11.10.1997Enterprise Tech

Combined company facts sheet

Combined MCI WorldCom facts sheet

On November 10, 1997, MCI and WorldCom announced plans to merge, creating a new era growth communications company. The company, called MCI WorldCom, will be the first fully integrated communications company, and the best positioned for the largest growth opportunities in the $670 billion global market.


  • Core Strengths
  • WorldCom will be the second largest long distance carrier in the U.S., with 25 percent of the market. The company will begin operations with one of the industry's strongest base of business customers and more than 22 million small business and residential customers.
  • Local
  • The WorldCom merger creates a company strongly positioned to fulfill the promise of the Telecommunications Act of 1996 and accelerate the onset of competition in the $100 billion U.S. local market. The new company will offer local service over its own facilities, including more than 9,000 route miles of local fiber, in 100 markets.
  • Global Presence
  • WorldCom, with offices in 65 countries, will be the second largest carrier of international voice traffic in the world. The combination of WorldCom, with its Pan-European network and expanding presence in Asia, and MCI, with joint ventures and alliances throughout North and South America, including Avantel in Mexico, Stentor in Canada and Telefónica de España in Latin America, positions WorldCom as a powerful competitor in the $670 billion global telecom market.
  • Internet/Data
  • MCI WorldCom will bring together the Internet expertise of UUNET and MCI to create one of the world's largest providers of Internet services with over 2,000 points-of-presence around the globe. The company's advanced portfolio of Internet/data services will include access, web hosting and development, intranet applications as well as high-speed virtual data services such as frame relay and SMDS.
  • Information Technology
  • MCI WorldCom will provide global customers with unparalleled networking strength and more than 20 years of experience in systems integration, superior outsourcing capabilities and technology support and implementation.
  • Shared Culture of Growth
  • Born outside of the monopoly Bell system, the new company will draw on the competitive skills and entrepreneurial mindset shared by MCI and WorldCom. Dedicated to opening markets to competition, the companies have focused on delivering benefits to their customers: lower prices, innovation and higher quality service.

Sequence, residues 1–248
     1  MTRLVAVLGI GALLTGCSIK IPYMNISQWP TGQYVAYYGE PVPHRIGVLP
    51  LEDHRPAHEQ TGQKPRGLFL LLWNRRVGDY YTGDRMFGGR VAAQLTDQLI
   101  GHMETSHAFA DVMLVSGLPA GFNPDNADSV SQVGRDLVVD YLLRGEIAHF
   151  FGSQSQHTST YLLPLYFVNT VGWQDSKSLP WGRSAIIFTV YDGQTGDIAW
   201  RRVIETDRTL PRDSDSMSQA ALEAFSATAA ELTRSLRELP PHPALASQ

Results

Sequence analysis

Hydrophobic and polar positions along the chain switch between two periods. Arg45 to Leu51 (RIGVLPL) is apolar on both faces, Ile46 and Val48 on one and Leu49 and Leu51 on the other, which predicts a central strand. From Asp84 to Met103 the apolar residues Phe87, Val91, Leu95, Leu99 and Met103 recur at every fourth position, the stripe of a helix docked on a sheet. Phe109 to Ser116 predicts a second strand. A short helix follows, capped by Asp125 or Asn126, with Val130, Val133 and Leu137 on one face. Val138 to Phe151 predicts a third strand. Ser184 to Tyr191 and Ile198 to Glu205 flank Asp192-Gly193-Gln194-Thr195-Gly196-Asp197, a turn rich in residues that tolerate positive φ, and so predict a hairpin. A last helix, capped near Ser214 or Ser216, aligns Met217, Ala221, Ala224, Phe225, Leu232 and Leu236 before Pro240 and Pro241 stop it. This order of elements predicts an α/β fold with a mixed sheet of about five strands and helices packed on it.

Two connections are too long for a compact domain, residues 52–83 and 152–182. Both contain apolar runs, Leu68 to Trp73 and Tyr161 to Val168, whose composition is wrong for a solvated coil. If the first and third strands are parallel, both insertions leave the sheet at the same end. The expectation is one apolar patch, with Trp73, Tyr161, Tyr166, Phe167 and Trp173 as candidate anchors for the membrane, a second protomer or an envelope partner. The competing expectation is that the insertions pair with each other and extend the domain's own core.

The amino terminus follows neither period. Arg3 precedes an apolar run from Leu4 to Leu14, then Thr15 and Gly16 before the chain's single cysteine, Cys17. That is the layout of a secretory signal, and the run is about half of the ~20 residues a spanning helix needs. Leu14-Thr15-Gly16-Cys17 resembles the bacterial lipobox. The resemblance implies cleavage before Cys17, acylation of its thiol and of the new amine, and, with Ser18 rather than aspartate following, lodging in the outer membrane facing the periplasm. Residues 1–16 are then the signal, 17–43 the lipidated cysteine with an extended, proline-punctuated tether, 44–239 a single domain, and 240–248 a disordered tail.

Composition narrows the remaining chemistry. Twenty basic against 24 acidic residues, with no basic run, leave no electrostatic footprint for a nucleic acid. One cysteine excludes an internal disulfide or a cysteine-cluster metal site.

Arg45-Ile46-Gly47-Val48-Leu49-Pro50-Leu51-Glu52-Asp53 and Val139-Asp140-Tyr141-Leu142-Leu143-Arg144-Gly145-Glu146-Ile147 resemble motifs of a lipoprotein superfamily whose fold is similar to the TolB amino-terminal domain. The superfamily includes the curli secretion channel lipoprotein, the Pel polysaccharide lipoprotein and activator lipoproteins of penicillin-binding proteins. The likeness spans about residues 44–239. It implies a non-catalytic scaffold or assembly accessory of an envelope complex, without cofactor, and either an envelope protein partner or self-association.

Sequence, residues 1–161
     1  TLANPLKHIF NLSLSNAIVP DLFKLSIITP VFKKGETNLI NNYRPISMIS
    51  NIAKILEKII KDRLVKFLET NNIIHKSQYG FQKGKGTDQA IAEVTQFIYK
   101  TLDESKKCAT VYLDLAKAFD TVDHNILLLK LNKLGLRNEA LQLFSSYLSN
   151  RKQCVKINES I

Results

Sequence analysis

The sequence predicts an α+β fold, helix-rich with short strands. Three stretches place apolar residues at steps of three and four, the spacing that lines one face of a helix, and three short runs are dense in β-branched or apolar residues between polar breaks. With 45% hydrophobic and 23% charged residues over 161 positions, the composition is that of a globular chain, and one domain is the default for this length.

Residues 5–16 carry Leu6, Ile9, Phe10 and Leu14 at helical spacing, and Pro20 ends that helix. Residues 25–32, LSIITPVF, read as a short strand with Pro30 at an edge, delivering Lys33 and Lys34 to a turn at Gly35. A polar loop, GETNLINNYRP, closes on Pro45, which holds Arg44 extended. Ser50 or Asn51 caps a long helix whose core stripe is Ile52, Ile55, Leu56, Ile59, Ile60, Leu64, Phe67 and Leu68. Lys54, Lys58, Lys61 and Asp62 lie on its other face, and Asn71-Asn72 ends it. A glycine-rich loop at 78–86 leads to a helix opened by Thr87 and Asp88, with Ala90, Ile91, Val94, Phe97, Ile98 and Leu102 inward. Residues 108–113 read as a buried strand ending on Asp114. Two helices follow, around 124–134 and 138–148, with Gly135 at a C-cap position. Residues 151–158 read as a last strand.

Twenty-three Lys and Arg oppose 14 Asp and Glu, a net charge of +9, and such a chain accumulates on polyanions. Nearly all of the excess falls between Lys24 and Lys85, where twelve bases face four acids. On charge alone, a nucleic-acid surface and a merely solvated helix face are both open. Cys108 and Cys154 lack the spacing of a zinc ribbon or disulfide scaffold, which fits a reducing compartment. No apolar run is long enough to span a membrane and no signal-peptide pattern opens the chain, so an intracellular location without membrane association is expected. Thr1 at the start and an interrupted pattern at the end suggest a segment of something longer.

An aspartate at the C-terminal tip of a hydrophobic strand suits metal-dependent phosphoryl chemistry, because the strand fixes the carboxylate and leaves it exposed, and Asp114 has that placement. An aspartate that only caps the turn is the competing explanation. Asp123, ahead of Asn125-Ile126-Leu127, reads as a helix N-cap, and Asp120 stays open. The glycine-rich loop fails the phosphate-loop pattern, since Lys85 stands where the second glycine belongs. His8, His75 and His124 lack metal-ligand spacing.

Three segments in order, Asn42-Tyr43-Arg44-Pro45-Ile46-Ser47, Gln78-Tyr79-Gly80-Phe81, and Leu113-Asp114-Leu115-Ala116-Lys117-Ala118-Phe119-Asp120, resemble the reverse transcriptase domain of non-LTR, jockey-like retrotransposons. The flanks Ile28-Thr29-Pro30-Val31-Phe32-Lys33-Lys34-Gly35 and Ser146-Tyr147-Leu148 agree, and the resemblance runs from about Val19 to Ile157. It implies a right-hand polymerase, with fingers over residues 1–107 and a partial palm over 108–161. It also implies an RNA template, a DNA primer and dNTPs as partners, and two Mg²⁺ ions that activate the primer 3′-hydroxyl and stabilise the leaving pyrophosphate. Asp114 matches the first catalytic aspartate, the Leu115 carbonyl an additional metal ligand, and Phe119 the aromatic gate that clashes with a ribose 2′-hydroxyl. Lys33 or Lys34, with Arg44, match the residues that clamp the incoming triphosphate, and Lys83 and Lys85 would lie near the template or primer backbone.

• Creating Shareholder Value
  • Through strategic investments and a targeted focus on the industry's biggest growth opportunities, MCI and WorldCom have consistently delivered shareholder value. WorldCom has created the best performing communications stock over the last 10 years while MCI has grown from a start-up to an $20 billion diversified communications company.
  • Integration Leader
  • MCI WorldCom will provide an unmatched set of integrated services, including local service in 100 markets, long distance, data, Internet and international.
Pro Forma Revenue 1998 $32 billion
Customers 22 million
Employees 70,000
International Presence More than 200 countries
Local Network Facilities 100 U.S. markets
Long Distance Market Share 25 %
WorldCom is a global telecommunications company. Operating in more than 50 countries, the company is a premier provider of facilities-based and fully integrated local, long distance, international and Internet services. WorldCom' s subsidiary, UUNET Technologies, Inc., is an international provider of Internet services with over 1,000 Points of Presence (POPs) throughout the United States and in Canada, Europe and the Asia-Pacific region. WorldCom's World Wide Web address is http://www.wcom.com.
The common and depositary shares of WorldCom trade on the Nasdaq National Market (U.S.) under the symbol WCOM and WCOMP, respectively.
Information contained in this release with respect to the expected financial impact of the proposed transaction is forward-looking. These statements represent the company's reasonable judgment with respect to future events and are subject to risks and uncertainties that could cause actual results to differ materially. Such factors include, but are not limited to, material adverse changes in economic and competitive conditions in the markets served by the companies, material adver se changes in the business and financial condition of either or both companies and their respective customers, uncertainties concerning technological changes and future product performance, and substantial delay in the expected closing of the transaction.